It’s FOOTBALL SEASON (apparently). And, of course, colleges are getting back into the swing of things.
For better or worse, often our college-aged children haven’t been “burned” enough by the real world (I mean, of course, as opposed to the weird social media world many of them inhabit) for them to understand how financial complacency can lead to ruin.
So this week’s post is a public service for families in the Fort Collins area with children starting college — or those with children already there. I put it together because I’ve seen too many kids get underwater, and too many parents unknowingly enable them.
Before I get there, a couple of tax reminders:
1) Monday, September 15th is the estimated tax payment deadline for the third quarter.Our existing clients were given coupons to make it easy (albeit never fun), so let us know if you need any quick input there…
2) Corporate extensions are also due that Monday. This really only applies to you if we handle your S- or C-corp returns (which, of course, we do for a variety of our individual clients and friends). We’re on top of this on your behalf, if that’s you.
Now … onto my Animal House advice…
Judy Meyer’s Useful Financial Guardrails for College Families
“If we wait for the moment when everything, absolutely everything is ready, we shall never begin.” – Ivan Turgenev
Financial independence training is a short-term pain, for a long term gain. But it’s terribly important because “untrained” college students are sitting ducks for unscrupulous financial service companies and their own lack of financial sense.
So, with that in mind, here are some off-the-cuff guardrails to consider for your son or daughter who is entering or continuing on through college…
1. Make a definite plan to leave college with no consumer debt. And I’m talking a realPLAN. Credit cards, car loans — college kids are ripe for the plucking. Consumer debt is a killer, simply because it depreciates so much. In a short matter of time, these items lose their value, but the payments and interest continue to inexorably pile up.
So set up a clear budget for travel, late-night snacks, and other miscellaneous lifestyle expenses (heck, going through the process might even prompt some lifestyle evaluation!). Tell your child: “You should have an exact answer if I ask about your weekly spending limit.” And have them try to earn enough over the summer that they can afford to skip the part-time job during the fall and spring semesters.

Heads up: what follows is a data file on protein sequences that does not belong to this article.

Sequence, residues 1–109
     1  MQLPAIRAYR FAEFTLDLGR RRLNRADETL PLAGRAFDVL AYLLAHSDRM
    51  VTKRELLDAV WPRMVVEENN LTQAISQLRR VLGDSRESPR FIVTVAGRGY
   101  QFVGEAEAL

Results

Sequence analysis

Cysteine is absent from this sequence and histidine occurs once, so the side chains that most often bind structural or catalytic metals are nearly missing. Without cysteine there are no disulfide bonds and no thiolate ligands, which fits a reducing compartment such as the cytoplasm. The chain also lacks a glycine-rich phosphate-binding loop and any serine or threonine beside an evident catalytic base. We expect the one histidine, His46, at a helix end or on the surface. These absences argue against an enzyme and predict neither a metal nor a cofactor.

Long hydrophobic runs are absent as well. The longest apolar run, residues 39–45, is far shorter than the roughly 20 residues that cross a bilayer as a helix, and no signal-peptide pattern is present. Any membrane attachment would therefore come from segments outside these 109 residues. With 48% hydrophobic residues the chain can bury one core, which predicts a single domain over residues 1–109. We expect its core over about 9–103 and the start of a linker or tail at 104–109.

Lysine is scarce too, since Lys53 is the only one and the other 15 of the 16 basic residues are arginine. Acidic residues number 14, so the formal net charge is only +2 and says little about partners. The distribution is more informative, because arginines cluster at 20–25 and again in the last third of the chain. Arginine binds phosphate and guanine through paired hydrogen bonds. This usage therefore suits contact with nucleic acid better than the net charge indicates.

2. ATM bank fees are killer. Moving to a new city often means the local debit card will be charged from $1.50 to $3.00 for every withdrawal from a foreign ATM. Consider an online bank account that reimburses all ATM fees or a local bank with easy ATM access, or moving accounts to a bank local to the school, or a mega-national bank.
3. Overdraft fees are as common as hangovers for the college kid — avoid both. A recent Pew Foundation study found that the median overdraft penalty fee is $35; an additional $25 accrues if this overdraft is not repaid in seven business days. The average bank allows up to four of these overdrafts to occur in one day for a total fee of $140 or more per day. However, if you open a savings account in addition to your checking account, you can use the overdraft transfer protection. You might even set up a situation where the college student controls the checking account — but you control the savings.
4. One cell phone bill gone awry can swamp you. New routines in college will likely mean that data habits will change. If your child doesn’t have an unlimited plan, have them make it a habit in the middle of each billing cycle to review their account’s data usage for the month. By the way, this is a very good expense to NOT pay for as a parent.
5. Avoid gimmicky credit card offers. Often the first credit card is awarded at a football game where so-called “free” T-shirts are being handed out. Again, college kids are ripe targets. Shop online for the best rates and terms and purchase a dozen dress shirts with the money saved by finding a card with less onerous terms for interest rates and late fees. Focusing on the so-called “rewards” which credit card companies give you is a distraction in your financial life. Like a casino, credit card companies win most of the time — which is why they stay in business.
And, of course, having children enter into adulthood sometimes changes your tax considerations. Let us know if this applies to you — we’re here to help!
Judith E Meyer CPA